One of the burning questions about Dr. John Larlee has been his whereabouts before he showed up in Maugerville. We all knew he emigrated from France; we just weren’t sure when and where he first went when he got to North America. Then I found two tantalizing clues on the Internet: one in an old book and another on a website about the Metis, a people of mixed North American aboriginal and European heritage. The clues led me to the Hudson’s Bay Company, the London-based fur trading company, but then I came to a dead end. Every once in a while I will “Google” John Larlee just to see what might come up and one day, it did – in a big way. I found a Masters Thesis and a Doctoral Dissertation whose focus was Anthony Henday and the Hudson’s Bay Company. In both documents I found references to Jean-Baptiste “de” Larlee!
In the summer of 1759 two young Frenchmen showed up at the door of the York Factory, located in the northern part of what is now Manitoba on St. James Bay. One of the men introduced himself as Jean-Baptiste Larlee and said that he had been the master at the French fur trading post at Pascoyac. Had been was the operative phrase. The French were abandoning the trading posts and moving west and south away from the disputed territory that the French and English were currently warring over. Both young men were seeking employment with the English. For providing this information, Jean-Baptiste was branded a traitor by the Metis.
If you wanted to be a legitimate fur trader in the late 17th and early 18th centuries in New France, you needed to have a permit. To gain such a permit meant applying to the Jesuits and they were very particular about who got permits. It was the habit of many young men to circumvent normal channels and go off on their own. They would trade directly with the natives and learn from them how to survive in the wilderness. For these young men it was an opportunity to make their fortunes and provide a better life than they might have had. The fact that young Larlee had worked his way up to Master of a trading post most likely meant that he had been there for a while and had done well for himself.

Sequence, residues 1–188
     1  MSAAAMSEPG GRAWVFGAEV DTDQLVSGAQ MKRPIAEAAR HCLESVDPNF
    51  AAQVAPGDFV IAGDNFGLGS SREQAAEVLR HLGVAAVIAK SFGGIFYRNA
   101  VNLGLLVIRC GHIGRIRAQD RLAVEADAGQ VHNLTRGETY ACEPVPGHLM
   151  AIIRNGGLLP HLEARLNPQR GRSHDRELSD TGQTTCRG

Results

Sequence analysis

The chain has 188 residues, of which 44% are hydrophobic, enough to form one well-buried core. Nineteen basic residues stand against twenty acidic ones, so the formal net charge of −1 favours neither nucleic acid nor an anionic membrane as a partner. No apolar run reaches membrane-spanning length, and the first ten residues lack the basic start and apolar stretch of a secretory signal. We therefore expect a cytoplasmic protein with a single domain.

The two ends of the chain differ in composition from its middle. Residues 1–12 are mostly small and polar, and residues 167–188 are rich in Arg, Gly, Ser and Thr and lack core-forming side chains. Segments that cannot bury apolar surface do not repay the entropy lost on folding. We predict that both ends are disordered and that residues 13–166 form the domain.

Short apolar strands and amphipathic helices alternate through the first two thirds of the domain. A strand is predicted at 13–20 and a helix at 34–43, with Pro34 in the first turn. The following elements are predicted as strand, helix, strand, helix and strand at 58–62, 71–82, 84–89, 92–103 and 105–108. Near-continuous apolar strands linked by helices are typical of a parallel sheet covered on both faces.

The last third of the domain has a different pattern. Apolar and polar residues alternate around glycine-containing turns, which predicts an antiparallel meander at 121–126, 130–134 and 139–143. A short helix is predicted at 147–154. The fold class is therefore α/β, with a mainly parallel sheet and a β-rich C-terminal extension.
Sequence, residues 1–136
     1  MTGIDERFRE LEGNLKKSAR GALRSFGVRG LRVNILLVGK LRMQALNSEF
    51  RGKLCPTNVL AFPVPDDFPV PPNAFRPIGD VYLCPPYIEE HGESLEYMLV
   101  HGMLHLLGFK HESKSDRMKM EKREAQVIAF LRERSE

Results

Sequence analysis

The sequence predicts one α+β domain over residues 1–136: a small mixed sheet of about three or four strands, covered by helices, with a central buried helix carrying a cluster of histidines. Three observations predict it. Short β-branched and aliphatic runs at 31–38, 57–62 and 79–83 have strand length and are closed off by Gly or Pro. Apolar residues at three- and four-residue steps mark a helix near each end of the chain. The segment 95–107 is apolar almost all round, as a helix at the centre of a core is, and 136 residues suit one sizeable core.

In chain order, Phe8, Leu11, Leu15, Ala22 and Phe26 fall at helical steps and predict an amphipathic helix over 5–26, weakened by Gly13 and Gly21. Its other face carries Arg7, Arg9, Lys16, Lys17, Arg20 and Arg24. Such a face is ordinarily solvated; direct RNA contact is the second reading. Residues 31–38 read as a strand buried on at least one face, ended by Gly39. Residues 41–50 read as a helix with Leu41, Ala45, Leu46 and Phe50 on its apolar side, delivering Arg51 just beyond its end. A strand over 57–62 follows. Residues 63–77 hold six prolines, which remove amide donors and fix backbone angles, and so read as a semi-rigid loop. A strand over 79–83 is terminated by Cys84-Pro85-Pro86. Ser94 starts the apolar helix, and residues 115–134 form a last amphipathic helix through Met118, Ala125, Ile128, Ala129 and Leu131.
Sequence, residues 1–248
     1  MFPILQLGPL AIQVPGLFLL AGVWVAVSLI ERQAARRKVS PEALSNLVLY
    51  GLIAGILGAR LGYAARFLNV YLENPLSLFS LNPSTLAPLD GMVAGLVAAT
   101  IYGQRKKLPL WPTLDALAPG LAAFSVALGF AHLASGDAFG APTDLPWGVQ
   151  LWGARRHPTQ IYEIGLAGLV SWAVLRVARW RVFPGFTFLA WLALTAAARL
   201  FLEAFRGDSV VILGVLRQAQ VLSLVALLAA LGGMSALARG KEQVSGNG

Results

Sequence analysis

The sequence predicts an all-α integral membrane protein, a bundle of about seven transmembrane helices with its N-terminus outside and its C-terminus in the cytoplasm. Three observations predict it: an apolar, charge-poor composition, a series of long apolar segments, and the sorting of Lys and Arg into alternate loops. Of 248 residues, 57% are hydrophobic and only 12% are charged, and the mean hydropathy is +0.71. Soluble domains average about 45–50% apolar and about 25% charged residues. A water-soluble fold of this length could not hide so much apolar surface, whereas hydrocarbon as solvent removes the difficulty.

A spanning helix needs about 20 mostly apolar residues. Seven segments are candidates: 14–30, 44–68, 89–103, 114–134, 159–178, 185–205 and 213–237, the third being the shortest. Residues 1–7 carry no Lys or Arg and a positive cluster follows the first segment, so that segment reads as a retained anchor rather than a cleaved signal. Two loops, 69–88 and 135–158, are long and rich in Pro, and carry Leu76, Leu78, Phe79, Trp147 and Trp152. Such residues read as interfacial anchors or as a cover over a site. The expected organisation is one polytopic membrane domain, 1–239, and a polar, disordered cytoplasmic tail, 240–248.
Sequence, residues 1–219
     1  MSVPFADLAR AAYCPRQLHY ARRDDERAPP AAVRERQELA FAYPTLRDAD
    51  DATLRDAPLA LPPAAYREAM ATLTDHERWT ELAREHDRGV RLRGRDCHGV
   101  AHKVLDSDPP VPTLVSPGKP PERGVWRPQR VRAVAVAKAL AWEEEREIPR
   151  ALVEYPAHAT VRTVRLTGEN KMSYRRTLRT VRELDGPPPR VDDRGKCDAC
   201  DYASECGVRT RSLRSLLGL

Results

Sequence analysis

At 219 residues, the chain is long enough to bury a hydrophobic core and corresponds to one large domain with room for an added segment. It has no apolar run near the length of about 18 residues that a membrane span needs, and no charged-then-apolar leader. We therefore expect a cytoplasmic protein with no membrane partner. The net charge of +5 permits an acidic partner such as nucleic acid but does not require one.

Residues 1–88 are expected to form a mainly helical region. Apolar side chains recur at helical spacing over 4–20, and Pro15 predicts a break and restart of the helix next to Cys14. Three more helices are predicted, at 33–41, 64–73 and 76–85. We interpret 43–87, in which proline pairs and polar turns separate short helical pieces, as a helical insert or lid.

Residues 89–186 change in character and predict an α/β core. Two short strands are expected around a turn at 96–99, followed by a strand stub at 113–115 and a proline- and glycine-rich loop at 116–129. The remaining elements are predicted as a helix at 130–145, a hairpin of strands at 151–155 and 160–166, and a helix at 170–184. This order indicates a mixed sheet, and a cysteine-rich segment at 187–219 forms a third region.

Jean-Baptiste Larlee ended up at Hudson’s Bay Company’s Albany Fort located at the bottom of St. James Bay where he was “contracted” as a trader (but never became a full employee) until 1762. This wasn’t by his choice and his termination was due to what might have been a conflict contrived by the local natives who apparently didn’t like him. It’s also most likely that Larlee greatly improved his English language skills during this time. There is a letter he wrote to London in 1760 that was written in French. By the end of his time with HBC, his correspondence was in English.
The next time we see a reference to Jean-Baptiste Larlee, he is in Maugerville as John Larlee where he develops a strong reputation as a good doctor with no mention ever made (to my knowledge) about his time as a fur trader. At least we can now say he was never a part of Montcalm’s army.
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Thanks for suggesting I visit your Facebook site with a link to this post. I still have some unanswered questions in my mind regarding John Larlee. However,I agree with your conclusion that Jean-Baptiste Larlee is probably the same person. Many history and genealogy books have been written regarding the 1763 Maugerville immigrants. Perhaps one of us (in the near future) will locate a library book that provides even more detail on John Larlee’s life.
I am descended from John Larlee. His daughter Elizabeth married Daniel Fales and their daughter Margaret married Nelson Stronach. Nelson Stronach was my father’s great-grandfather. I look forward to being in touch with other members of the family.